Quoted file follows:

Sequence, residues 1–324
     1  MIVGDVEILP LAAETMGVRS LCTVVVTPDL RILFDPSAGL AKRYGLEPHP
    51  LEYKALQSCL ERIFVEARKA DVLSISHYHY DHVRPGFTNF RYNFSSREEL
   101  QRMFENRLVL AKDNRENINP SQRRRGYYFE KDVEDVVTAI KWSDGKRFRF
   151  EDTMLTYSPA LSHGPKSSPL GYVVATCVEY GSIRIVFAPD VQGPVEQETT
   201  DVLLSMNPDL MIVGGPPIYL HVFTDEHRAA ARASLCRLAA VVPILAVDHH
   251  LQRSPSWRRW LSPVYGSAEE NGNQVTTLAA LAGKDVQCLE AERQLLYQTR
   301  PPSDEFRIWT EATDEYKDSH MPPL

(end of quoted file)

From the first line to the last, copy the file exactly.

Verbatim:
Sequence, residues 1–324
     1  MIVGDVEILP LAAETMGVRS LCTVVVTPDL RILFDPSAGL AKRYGLEPHP
    51  LEYKALQSCL ERIFVEARKA DVLSISHYHY DHVRPGFTNF RYNFSSREEL
   101  QRMFENRLVL AKDNRENINP SQRRRGYYFE KDVEDVVTAI KWSDGKRFRF
   151  EDTMLTYSPA LSHGPKSSPL GYVVATCVEY GSIRIVFAPD VQGPVEQETT
   201  DVLLSMNPDL MIVGGPPIYL HVFTDEHRAA ARASLCRLAA VVPILAVDHH
   251  LQRSPSWRRW LSPVYGSAEE NGNQVTTLAA LAGKDVQCLE AERQLLYQTR
   301  PPSDEFRIWT EATDEYKDSH MPPL